How about you?

Now faith is the substance of things hoped for, the evidence of things not seen. Hebrews 11:1 NKJV

But without faith it is impossible to please Him, for he who comes to God must believe that He is, and that He is a rewarder of those who diligently seek Him. Hebrews 11:6 NKJV

Sophomore Year!

Unlike most of the country, my kids have already completed their first week of school!

Last Monday, Lan began his second year of high school. It was fortunately without incident. No wrong bus transfers, rescheduled classes, and no dread of “starting over” in strange and less than friendly surroundings.

This year Lan knows more people. His teachers are “on board” with our IEP and we are both much more comfortable, without the harried nerves surrounding last year.

His first homework assignment was a letter to his literature teacher introducing himself. The letter gave information about his interests and goals for this year. I was pleased to see that he thinks his family is “nice and protects him from mean people.”

If you ever doubt your children understand what you do for them or how you feel for their plight…don’t!

I was almost overwhelmed to see the words on the page. Detailed thoughts, expressed and understood, another “accomplishment” to be grateful for.

The paragraph about his goals was inspiring as well. Lan wants to boost his g.p.a.  which I am very glad to hear in addition to improving his trombone performance. He ultimately wants to gain the “first chair” position in his band class. Lan has embraced the idea (with a little prodding, of course) of being a “leader” as one of the few sophomores in his class.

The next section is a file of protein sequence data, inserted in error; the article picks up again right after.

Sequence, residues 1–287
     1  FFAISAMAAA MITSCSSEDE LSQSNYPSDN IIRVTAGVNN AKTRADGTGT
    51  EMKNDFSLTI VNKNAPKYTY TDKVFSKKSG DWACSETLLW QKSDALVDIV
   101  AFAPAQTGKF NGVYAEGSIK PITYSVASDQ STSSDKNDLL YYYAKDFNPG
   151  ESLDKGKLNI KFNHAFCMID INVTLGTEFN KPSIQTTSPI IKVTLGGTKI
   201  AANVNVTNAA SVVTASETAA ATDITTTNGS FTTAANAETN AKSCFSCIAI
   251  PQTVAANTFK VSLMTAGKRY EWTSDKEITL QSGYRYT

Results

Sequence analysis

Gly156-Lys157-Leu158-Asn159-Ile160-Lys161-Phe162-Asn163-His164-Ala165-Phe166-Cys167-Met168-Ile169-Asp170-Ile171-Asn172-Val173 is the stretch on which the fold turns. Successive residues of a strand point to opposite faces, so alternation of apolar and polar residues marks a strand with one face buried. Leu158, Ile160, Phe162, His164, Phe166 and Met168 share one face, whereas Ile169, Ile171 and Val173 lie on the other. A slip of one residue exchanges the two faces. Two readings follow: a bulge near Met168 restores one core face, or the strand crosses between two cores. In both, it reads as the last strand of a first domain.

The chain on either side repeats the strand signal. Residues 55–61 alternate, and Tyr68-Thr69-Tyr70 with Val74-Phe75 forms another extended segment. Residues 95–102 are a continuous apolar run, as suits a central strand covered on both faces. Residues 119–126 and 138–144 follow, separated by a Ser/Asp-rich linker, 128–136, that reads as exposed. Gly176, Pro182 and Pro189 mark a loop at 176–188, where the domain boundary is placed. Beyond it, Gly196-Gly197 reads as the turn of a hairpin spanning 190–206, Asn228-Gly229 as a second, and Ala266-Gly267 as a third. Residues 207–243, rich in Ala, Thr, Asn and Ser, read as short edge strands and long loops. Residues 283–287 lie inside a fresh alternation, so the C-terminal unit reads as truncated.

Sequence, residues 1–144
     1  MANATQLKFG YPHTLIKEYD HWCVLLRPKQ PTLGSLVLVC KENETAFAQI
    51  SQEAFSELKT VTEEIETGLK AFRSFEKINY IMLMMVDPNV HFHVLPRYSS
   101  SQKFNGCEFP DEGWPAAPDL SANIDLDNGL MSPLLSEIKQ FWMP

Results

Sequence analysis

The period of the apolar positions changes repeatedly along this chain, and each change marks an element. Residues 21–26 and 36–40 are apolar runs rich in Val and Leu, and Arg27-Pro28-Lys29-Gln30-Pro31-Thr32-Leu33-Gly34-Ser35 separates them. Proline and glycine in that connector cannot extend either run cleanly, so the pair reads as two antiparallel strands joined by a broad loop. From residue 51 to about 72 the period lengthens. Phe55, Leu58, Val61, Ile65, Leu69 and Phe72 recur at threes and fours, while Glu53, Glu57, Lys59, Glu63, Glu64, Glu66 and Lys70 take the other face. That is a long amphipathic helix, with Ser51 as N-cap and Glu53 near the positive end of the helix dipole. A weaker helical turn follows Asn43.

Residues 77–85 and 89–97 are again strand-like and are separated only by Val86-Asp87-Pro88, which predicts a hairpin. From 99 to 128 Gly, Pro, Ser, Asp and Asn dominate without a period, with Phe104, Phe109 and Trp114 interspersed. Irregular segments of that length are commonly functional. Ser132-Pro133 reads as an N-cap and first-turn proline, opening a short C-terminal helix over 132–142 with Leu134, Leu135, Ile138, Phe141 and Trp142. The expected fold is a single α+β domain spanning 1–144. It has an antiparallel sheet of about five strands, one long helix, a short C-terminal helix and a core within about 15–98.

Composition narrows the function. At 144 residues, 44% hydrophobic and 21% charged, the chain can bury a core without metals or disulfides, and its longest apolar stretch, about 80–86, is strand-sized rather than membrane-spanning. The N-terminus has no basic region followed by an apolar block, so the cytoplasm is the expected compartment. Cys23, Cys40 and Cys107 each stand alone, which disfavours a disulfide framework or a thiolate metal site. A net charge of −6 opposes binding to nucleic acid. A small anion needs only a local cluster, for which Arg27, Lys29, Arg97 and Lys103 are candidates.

I noticed how his goals have evolved and matured. It makes me think that mine should as well.

Sometimes we get so set in one mindset that we fail to progress and stretch our thinking. Old ideas are often just that. Old. Stale. “Stuck” in the past.

Our familiar ideas and concepts sometimes fail to hold up in the here and now we are currently immersed in.  I’ve found we can let the blessings we have prayed for go unrecognized because we are too stressed and uptight to see them. Our minds are often stalled in “then” even as God is directing us to the “when.”

I am surely guilty of this on more than one occasion. Sometimes we all get stressed to the point that we don’ remember how to relax.

Thankfully, Lan doesn’t have this problem. He is relaxing in the confidence that comes from a year of high school under his belt and he is looking forward not stuck in yesterday.

Lan is both excited and optimistic about his future. His enthusiasm reminds me that I should be as well.

“Behold, I will do a new thing; now it shall spring forth; shall ye not know it? I will even make a way in the wilderness, [and] rivers in the desert.”  Isaiah 43:19 KJV